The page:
Regarding the Occupy movement, the question on everybody’s mind seems to be: well, what the fuck now?
Or, more appropriately, “Where Does the Occupy Movement Go From Here?” I began writing an article on precisely this topic, working myself to the bone and pausing only to get dead stinking drunk for a couple weeks. Upon sobering up I started researching again and realized, to my embarrassment, that I had been beaten to the punch by practically every writer in the US (and some abroad) that follows the movement.
No, really! Type that question into a search engine and you’ll see this.
Well, it is an important question — this isn’t Tunisia or Egypt, one cannot count on the amount of popular support combined with near-suicidal rage necessary for a protest to topple a government. The US is a different animal and this is a different struggle. So what to do?
Miles Mogulescu, over at the Huffington Post, asks some pertinent questions. “It’s time,” he writes, “to ask whether the organizational forms and tactics which birthed the #Occupy mass protests are adequate to building a long-term movement which can change the country and the world.”
That’s something of a dangerous question. Leadership rarely transfers smoothly. He’s correct when he writes that the “open source, participatory, horizontal structure may be one key to its early success, and the ease with which it has been replicated in city after city around the country and the world”, but what will the reaction be when someone suggests changing that? It has become a hallmark of the Occupy movement, something looked upon with pride, something that says “we’ve done something amazing here”.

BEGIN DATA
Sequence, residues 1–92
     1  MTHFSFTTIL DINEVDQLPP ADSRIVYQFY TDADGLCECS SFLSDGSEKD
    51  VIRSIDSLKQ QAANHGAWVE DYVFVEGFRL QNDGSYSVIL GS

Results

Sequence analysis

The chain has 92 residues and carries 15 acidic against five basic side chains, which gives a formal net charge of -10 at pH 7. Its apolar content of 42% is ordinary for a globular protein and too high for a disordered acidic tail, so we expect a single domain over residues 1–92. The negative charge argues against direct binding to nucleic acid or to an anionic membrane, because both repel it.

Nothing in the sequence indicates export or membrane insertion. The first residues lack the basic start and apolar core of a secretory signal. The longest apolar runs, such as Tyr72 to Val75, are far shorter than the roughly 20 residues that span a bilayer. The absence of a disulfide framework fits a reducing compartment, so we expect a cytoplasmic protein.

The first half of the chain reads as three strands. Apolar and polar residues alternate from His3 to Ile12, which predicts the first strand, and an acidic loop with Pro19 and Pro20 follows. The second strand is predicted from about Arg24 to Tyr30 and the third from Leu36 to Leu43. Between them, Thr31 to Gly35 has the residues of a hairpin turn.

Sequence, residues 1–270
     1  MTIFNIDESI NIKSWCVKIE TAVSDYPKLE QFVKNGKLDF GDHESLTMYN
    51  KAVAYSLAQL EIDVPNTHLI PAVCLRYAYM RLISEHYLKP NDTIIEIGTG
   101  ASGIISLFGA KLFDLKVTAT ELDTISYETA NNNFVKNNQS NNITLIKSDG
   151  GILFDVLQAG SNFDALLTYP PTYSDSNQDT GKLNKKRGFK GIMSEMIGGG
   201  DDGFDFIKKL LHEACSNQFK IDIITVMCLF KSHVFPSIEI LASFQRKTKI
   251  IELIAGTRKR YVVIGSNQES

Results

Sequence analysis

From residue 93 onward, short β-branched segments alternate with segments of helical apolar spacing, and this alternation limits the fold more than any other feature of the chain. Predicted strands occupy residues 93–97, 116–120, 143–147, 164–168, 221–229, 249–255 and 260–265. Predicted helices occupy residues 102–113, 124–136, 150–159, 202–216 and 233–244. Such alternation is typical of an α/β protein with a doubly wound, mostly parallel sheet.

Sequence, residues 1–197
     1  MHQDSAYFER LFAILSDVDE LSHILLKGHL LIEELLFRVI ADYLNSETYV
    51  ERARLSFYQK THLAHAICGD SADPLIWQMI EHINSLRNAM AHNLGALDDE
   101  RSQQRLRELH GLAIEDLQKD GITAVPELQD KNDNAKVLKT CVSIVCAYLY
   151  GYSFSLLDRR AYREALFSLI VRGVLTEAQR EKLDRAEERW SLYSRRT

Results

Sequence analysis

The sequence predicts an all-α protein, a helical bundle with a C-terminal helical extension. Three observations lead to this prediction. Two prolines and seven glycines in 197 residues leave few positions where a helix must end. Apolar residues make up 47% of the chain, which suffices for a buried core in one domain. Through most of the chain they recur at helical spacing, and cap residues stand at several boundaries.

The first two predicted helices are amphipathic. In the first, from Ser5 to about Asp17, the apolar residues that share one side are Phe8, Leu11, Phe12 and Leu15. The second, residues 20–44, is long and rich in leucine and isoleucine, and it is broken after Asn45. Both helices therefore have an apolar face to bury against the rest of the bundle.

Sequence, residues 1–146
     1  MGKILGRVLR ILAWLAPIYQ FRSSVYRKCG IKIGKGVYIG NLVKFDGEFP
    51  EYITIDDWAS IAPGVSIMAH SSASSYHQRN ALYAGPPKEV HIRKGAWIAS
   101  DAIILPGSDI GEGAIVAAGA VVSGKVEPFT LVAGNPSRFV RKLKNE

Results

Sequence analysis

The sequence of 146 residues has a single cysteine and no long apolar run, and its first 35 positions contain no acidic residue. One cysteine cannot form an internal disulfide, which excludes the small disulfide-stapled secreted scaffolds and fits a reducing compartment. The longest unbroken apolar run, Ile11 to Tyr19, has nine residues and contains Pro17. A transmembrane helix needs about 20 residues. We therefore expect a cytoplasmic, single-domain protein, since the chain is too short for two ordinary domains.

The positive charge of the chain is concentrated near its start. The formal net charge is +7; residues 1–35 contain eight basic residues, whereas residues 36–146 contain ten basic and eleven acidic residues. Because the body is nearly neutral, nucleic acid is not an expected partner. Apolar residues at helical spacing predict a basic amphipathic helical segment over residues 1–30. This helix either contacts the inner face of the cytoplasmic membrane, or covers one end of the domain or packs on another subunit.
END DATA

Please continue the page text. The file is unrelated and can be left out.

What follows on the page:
One may ask “well, why would we want to change that?” In a word: politics.Mogulescu suggests that while the protests are all well and good, it may be that the best way to accomplish something substantial is to engage in the rough and tumble world of politics. And the horizontal leadership that he praised earlier may not be the best tool with which to enter that world.
Michael Moore, well-known author/filmmaker and fan of trans-fats, has gone a step further. He has submitted a “vision statement” to the Occupy Wall Street general assembly, something that reads suspiciously like a wish-list. More useful, to my mind, is the comprehensive list of goals and demands (examples include “Eradicate the Bush tax cuts for the rich and institute new taxes on the wealthiest Americans and on corporations, including a tax on all trading on Wall Street where they currently pay 0%” and “Join the rest of the free world and create a single-payer, free and universal health care system that covers all Americans all of the time”. I encourage everyone to check them out).
Whether you agree or disagree with the items on the list, one has to admit they are significantly better goals and demands than those expressed by some of the protest signs that have been seen in various cities (“Jobs Are A Right” read one I saw, which reveals a frankly staggering ignorance about either the nature of employment or the nature of rights. “End Corporate Greed”, a slogan I heard at an Occupy Chicago event, is almost as bad. Greed is the foundation of the economic system in this country, which in turn drives the world economy. Curtail it? Sure. Maybe make it less short-sighted? Absolutely. Spread around the profits resulting from that lust for money? Great. End it? That statement is, for all intents and purposes, meaningless in this country). More importantly, it seems to suggest something similar to what Mogulescu was saying. After all, to accomplish any of these goals, the movement will have to start messing around in politics.